The lockdowns that weighed heavily on many during the pandemic gave Ernest Zacharevic the luxury of time and unfettered creativity. Confined to his studio-cum-home in Penang, the multidisciplinary artist known for his street murals felt free to create art for art’s sake.
The result is Everything Will Be OK — a huge work featuring compositions of children in primary colours on assembled canvases — that is specific and personal to him in different ways.
“What makes it personal is the fact that I didn’t do it for anyone or anything else,” says Zacharevic, looking back on the last two years. “I wasn’t looking to satisfy a client or fit a theme or to commercially monetise it. I really did not stop myself from building this piece. Sometimes, when painting, you think a work is a little too big or maybe you don’t have time for it. This one had no limits. I really enjoyed the process.”
The work captures children at play against white backgrounds and within grids of black lines, separated by blocks of red, blue and yellow — a reference to Dutch artist Piet Mondrian, who used colours, shapes and textures to achieve their effect. There are patches of burnt canvas and a sculpture of a figure with a fire extinguisher, added recently, standing before the whole work.
The young figures on the canvas are based mostly on family members and the children of friends, young ’uns whom Zacharevic has used in different projects and watched grow over the years.
“It’s a sweet-and-sour piece, very positive and colourful as well as very uncertain, with dark moments. It’s sort of what I want to convey: being positive in dark times.”
The title of the 16m by 4m creation came to Lithuanian-born Zacharevic as the coronavirus brought problems and unanswered questions. Lately, Russia’s invasion of Ukraine has been heavy on his mind. He says: “There is a sense of fear and anxiety in my country and the worst-case scenario seems to be very bad. It’s hard talking to my friends and family [whom he has not seen for almost three years].
“Nothing about our situation now says it is okay. But we all have moments of brightness — our Zoom call with family, our pet time with the cat in the morning. Little things can give you the feeling that everything is okay for that moment.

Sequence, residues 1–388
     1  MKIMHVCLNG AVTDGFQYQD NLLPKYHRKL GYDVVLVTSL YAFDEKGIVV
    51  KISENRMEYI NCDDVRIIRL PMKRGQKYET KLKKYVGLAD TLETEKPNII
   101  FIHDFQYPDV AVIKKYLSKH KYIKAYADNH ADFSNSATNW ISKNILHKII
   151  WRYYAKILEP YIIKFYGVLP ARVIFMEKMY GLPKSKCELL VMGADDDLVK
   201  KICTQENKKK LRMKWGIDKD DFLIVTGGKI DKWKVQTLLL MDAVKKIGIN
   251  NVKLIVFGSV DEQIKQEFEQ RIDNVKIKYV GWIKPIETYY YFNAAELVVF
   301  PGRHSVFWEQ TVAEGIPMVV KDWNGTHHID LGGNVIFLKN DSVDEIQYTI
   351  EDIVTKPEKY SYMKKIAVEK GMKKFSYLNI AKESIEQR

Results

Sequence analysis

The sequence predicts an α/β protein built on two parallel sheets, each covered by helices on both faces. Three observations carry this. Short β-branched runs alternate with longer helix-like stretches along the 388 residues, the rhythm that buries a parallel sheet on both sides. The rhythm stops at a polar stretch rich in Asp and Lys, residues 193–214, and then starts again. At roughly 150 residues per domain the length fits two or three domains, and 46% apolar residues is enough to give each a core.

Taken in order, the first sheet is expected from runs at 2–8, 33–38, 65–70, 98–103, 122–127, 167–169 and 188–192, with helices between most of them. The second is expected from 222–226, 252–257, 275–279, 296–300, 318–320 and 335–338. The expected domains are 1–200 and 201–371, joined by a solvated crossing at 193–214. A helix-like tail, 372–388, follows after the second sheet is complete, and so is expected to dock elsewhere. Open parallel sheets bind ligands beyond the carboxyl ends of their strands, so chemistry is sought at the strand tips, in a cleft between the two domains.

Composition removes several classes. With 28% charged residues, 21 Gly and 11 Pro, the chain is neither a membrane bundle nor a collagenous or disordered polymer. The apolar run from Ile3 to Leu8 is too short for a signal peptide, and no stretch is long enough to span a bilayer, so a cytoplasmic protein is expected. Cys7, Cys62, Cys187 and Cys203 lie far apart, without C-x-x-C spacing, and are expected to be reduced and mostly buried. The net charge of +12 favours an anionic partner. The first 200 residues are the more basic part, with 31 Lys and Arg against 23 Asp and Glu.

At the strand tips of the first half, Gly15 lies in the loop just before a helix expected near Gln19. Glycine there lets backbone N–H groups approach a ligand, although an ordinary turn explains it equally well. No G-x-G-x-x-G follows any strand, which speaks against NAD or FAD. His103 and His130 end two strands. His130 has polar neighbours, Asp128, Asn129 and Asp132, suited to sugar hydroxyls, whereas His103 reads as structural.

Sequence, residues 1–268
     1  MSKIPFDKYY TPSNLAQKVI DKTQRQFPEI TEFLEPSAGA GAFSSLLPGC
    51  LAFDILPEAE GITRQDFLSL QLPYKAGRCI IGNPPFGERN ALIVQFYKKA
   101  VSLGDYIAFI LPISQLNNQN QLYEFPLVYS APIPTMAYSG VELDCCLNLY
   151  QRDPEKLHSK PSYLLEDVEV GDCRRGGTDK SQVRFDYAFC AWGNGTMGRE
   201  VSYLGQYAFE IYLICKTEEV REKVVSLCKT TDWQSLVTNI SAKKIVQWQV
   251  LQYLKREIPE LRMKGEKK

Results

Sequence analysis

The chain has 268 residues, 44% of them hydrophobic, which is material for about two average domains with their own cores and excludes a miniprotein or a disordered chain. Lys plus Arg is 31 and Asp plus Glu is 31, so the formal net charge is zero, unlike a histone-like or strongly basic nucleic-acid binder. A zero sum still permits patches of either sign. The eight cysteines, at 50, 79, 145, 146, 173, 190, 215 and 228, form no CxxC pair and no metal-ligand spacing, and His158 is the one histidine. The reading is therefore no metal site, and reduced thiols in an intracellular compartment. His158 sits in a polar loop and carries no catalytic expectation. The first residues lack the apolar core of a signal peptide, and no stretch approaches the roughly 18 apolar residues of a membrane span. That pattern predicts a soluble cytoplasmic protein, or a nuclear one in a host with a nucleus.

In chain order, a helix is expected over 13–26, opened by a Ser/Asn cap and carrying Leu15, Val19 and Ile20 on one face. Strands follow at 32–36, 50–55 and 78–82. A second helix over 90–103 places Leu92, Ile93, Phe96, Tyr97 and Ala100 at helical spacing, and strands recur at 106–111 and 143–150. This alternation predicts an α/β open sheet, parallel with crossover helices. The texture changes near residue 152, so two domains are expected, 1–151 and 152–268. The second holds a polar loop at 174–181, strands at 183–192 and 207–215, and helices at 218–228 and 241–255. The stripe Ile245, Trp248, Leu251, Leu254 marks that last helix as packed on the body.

“I am still an optimist and I do believe a brighter day will come. Emotionally and in my head space, I feel content not trying to change what I can’t change and just focusing on the things that are in my hands.”
Work has kept him sane and what he enjoyed most during isolation was being able to do what he likes, “just coming up with artwork and making it happen without any reason, without the clamour of exhibitions, without clients sitting behind my back and judging every stroke. It’s been emotionally and artistically very refreshing for me to spend these two years just focused on my work. That kept my sanity in place.”
The single focus led to a creative outflow that he is now ready to share, including the pieces that make up Everything Will Be OK, a project that took its first step in 2015, when he painted a mural in the US on the same theme. “I thought it would transfer very nicely to a canvas work,” says Zacharevic.
It obviously does. A canvas display he subsequently painted and showed at The Ritz Carlton, Millenia Singapore received a lot of enquiries. But it was too big to fit in anyone’s home and people kept asking him to sell half, a quarter or even parts of it.
“I liked the idea of the work being not sellable in terms of scale, so I started thinking about how it could be extended, maybe add elements as it grew.” He regrets selling a couple of sections in the beginning because “I made them as a whole and, when people take a [part], it disturbs the balance and process of the whole piece. At some point, I decided not to show the work to the public until it was ready”.
Every segment of Everything Will Be OK is a separate piece of canvas measured to fit into the whole frame. They were fashioned in different places over the years, then framed together following a working graph.
“I have changed my studios many times over the years. Whenever I was overseas, I would paint one section and roll it up and send it to Penang [home for him and his wife, model and embroidery artist Sheena Liam], and then paint another section in another place, mostly because I was travelling so much before the pandemic. I also had to fragment the piece into sections because I didn’t have the luxury of time to work on something of that scale all at once.”